Take a look inside and around the HCC Campus Center, where a $43.5 million renovation project is now under way.
Tannery Brook is underground. The stream that runs along the east side of the HCC Campus Center now flows through six-foot metal conduit and is buried under tons of fill and dirt strong enough to support the heavy machines required to renovate the building during a two-year, $43.5 million project.
On the courtyard side, the descending stairwell to the cafeteria entrance has been excavated, making space for what will eventually become an enclosed atrium.
Construction fences went up around the site during the summer. Demolition began soon after. Since then, crews have been busy chipping, scraping, peeling, stripping and hauling away tons of concrete and other material from both the interior and exterior.
Curious about what's going on? Want to know what's been done so far and what the Campus Center will become? Take a look at the slideshow below.
Eventually, as you'll see in the architect's renderings, the building's sloping surfaces will be squared off and the concrete façade covered with metal cladding to fix the water leaks that have plagued the building since it opened in 1980.
Exterior walkways will be enclosed, and the addition of large windows on the eastern side of the building - looking out from an expanded dining room - will give the Campus Center a look that complements the adjacent Kittredge Center for Business and Workforce Development.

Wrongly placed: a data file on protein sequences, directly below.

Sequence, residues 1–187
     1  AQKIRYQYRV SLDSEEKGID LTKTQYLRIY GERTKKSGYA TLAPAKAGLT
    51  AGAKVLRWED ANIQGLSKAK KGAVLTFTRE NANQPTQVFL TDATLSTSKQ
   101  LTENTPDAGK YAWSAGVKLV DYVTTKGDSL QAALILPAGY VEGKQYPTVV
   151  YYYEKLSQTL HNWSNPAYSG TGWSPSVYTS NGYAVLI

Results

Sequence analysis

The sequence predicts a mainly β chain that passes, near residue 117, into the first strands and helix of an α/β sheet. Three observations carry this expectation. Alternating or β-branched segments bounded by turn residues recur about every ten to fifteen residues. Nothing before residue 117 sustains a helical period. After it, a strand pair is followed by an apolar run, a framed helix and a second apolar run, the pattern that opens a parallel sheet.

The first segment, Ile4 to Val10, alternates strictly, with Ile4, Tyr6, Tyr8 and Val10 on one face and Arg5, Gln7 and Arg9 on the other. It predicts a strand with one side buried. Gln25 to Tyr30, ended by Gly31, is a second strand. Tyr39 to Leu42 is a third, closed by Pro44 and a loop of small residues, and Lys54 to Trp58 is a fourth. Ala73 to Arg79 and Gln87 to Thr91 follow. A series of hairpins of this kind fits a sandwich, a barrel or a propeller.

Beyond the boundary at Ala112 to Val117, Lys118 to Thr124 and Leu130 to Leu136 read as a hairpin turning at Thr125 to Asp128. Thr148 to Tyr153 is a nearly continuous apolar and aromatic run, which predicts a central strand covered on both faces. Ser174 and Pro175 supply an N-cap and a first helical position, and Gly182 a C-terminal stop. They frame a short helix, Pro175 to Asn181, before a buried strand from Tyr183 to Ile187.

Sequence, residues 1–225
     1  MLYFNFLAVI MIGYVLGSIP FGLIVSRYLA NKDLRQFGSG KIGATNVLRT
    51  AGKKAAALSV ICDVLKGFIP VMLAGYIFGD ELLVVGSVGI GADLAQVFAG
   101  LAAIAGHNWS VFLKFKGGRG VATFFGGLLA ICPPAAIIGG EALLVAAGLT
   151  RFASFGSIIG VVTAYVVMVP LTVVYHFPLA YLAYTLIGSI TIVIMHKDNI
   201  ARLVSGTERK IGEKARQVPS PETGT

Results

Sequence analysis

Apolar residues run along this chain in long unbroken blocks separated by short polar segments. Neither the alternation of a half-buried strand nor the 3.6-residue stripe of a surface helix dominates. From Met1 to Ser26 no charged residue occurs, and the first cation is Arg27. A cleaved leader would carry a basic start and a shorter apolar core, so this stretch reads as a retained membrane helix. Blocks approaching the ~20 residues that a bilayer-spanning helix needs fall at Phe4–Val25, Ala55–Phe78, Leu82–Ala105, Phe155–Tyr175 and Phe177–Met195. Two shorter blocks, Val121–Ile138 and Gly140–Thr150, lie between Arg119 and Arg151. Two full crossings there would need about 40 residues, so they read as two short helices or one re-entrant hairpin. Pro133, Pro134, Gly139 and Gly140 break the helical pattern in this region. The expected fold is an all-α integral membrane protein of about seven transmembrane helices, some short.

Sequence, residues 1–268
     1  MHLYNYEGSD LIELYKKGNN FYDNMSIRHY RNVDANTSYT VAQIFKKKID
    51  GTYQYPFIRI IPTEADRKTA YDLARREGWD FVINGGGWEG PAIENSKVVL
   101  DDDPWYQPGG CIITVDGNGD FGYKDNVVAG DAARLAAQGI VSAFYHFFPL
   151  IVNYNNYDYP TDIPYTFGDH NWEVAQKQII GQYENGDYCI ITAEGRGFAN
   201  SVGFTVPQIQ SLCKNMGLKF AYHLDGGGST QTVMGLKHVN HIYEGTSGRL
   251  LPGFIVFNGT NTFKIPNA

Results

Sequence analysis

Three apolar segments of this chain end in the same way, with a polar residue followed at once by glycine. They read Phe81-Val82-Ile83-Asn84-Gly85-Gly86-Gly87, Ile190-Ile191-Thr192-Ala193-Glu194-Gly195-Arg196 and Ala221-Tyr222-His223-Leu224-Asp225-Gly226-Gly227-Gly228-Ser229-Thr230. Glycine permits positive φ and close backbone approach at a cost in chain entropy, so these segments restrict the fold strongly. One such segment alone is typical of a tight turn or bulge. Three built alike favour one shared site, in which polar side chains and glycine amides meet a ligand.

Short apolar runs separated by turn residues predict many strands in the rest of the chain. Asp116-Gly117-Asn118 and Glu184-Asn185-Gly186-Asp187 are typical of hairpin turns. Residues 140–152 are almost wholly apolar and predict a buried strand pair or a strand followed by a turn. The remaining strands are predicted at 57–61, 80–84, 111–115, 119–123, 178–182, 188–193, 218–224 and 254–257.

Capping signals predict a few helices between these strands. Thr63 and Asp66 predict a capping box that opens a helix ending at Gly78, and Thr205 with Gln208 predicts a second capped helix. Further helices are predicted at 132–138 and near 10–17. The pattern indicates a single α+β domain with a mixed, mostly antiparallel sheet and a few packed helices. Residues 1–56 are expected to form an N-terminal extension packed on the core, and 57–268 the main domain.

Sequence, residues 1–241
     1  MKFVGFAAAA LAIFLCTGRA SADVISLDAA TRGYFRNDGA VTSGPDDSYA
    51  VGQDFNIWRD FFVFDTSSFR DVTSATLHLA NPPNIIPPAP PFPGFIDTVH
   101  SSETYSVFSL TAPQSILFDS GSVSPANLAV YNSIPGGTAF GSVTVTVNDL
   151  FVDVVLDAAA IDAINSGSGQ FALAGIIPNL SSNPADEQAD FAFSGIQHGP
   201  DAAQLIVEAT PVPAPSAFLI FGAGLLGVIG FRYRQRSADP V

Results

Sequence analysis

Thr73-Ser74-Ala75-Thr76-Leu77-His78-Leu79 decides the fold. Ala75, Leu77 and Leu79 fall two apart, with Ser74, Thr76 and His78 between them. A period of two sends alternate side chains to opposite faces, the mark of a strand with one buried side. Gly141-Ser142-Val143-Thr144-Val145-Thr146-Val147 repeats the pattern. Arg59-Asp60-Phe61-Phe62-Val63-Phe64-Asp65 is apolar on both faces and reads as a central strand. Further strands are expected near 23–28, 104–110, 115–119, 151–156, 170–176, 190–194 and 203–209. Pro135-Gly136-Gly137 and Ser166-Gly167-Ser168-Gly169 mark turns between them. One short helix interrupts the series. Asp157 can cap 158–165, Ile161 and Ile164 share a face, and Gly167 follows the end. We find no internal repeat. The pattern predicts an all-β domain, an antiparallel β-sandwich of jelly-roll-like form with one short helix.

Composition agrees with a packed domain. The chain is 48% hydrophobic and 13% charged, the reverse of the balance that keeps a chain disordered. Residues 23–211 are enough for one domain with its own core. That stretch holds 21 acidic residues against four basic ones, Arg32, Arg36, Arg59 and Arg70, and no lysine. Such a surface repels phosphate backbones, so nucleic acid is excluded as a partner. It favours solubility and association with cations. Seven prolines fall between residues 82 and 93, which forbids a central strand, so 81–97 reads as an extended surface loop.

All told the project will add about 9,000 square feet of space to the current 58,727 square feet.
Tannery Brook will eventually be returned to its natural state and, with an assist from HCC students, the streambed planted with native vegetation.
A dedicated visitors parking lot will direct prospective students and their families over a bridge crossing the brook and leading to the first floor, where they will find a new Admissions, Advising, and Testing suite. The second floor will feature updated and expanded dining facilities, a new Campus Store, lounge areas, charging stations and Student Activities office.
"The main impetus for this project is to get the building watertight," said Bill Fogarty, vice president of Administration and Finance, "but we also wanted to improve the operation of the building and bring together programs and departments that complement each other to make the Campus Center a real hub of student engagement."
Media Arts and Photography will return to the third floor of the building, which is also being updated with new ductwork, lighting and ceilings.
Construction is expected to last two years with the building reopening for the Fall 2019 semester.
PHOTOS by CHRIS YURKO